and let me imagine and speculate vast forests of the future. In the following list are books and periodicals that offer pieces on current events. fiction. celebrities. humor. This trick is too simple not to follow. social commentary. You can be assured of finding superior writing on a wide variety of subjects in the following: ■■ ■■ ■■ ■■ ■■ Rolling Stone (weekly magazine): essays. The Economist (daily newspaper): London publication covering world news. cultural. and criticism. Once you get in the habit. celebrities. any year is fine. science and technology. 55 . art. editor (Mariner Books. history. literary. you should be aware of what you’re reading. Choose material that appeals to you. The point is not that you will copy the good writing you read. science. and columns on politics. and other topics. garbage out applies: if you are reading a steady diet of mediocre writing. sports. you are missing a great opportunity to improve your own writing.–T HE WR ITING PR OCESS – but he has also allowed me to question the lands I’ve never been to before. and reporting on political. The New Yorker (weekly magazine): political and business reporting. put them aside for a while and pick up something new. Mary Oliver. college counselors. save for the realm of imagination. and business news. there is no need to force yourself to read about something that holds little personal interest. Vanity Fair (monthly magazine): reporting and commentary on contemporary issues. What should you read? We’ve polled English professors and teachers. and admissions officers for their ideas. places that have never been. Your style. fiction. but that it will be a positive influence. keep it up! From the beginning of your essay writing process. and even vocabulary can improve when you are exposed to high quality writing. fiction. finance and economics. Best American Essays 2009. structure. poetry. and more. book reviews. Syntax and style can improve when you add some great writing to your reading diet. Watch What You Read What you read can influence what you write. The phrase garbage in. and may never be. and scientific affairs. all volumes include a wide range of subjects. books and arts. Therefore. 2009): annual publication. if your literary diet consists of enticing yet averagely written novels or flashy entertainment magazines.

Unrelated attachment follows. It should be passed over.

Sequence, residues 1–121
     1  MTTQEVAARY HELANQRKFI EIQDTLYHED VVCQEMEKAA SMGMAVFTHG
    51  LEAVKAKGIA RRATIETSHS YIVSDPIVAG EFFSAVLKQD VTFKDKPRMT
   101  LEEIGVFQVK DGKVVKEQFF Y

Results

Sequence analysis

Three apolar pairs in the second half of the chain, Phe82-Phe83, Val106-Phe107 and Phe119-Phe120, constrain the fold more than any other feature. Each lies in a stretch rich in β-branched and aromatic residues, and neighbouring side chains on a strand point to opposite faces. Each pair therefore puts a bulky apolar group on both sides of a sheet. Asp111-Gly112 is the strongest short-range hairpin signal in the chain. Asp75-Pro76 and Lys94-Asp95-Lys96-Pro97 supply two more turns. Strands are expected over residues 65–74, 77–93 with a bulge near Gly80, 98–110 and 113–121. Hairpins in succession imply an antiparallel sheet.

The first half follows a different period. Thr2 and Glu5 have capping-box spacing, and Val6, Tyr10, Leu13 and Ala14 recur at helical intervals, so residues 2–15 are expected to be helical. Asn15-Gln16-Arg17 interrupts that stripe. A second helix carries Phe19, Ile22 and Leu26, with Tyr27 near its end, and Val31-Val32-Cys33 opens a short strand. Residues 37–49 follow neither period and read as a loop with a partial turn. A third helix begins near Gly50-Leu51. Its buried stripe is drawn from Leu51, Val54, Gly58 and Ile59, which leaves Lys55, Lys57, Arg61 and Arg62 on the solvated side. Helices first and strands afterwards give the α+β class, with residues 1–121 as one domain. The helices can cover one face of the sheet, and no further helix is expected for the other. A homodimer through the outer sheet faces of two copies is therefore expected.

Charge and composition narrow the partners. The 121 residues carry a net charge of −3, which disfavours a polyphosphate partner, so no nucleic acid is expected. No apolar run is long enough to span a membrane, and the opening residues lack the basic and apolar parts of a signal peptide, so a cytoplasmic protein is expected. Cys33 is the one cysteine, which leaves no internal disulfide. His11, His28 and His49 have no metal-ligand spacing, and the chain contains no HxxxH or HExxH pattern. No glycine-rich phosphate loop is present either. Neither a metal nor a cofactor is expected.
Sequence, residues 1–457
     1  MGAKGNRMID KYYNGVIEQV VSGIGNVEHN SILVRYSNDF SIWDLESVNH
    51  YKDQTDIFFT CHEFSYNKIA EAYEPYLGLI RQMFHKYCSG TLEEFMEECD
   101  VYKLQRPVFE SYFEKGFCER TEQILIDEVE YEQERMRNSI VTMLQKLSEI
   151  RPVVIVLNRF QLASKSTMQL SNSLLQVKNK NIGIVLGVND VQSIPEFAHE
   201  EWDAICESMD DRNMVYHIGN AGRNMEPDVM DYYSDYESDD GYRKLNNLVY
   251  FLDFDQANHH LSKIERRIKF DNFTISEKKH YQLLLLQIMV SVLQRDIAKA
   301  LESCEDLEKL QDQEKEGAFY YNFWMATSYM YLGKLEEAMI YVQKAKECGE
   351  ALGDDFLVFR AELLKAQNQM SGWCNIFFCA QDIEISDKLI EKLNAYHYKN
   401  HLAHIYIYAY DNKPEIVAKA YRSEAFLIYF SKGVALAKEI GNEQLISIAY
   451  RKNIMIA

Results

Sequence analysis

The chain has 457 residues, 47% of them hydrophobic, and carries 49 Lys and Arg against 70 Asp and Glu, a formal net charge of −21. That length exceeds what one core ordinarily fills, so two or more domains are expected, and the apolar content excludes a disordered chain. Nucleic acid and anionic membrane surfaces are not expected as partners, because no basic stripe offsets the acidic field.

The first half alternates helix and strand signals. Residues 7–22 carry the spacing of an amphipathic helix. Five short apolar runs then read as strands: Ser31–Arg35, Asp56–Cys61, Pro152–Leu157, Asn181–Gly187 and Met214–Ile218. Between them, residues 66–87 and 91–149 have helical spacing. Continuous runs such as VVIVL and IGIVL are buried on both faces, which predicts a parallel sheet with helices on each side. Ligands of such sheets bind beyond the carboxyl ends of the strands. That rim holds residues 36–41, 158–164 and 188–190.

Benjamin Franklin. including works by Queen Elizabeth I.–T HE WR ITING PR OCESS – ■■ ■■ One Hundred Great Essays. Robert Diyanni (Longman. Amy Tan. 56 . and personalities. and Dave Barry. sports. American Society of Magazine Editors (Columbia University Press. 4th edition. 2009): includes fiction and reporting on science. 2010): great variety of classic and contemporary writing. current events. Zora Neale Hurston. The Best American Magazine Writing of 2009.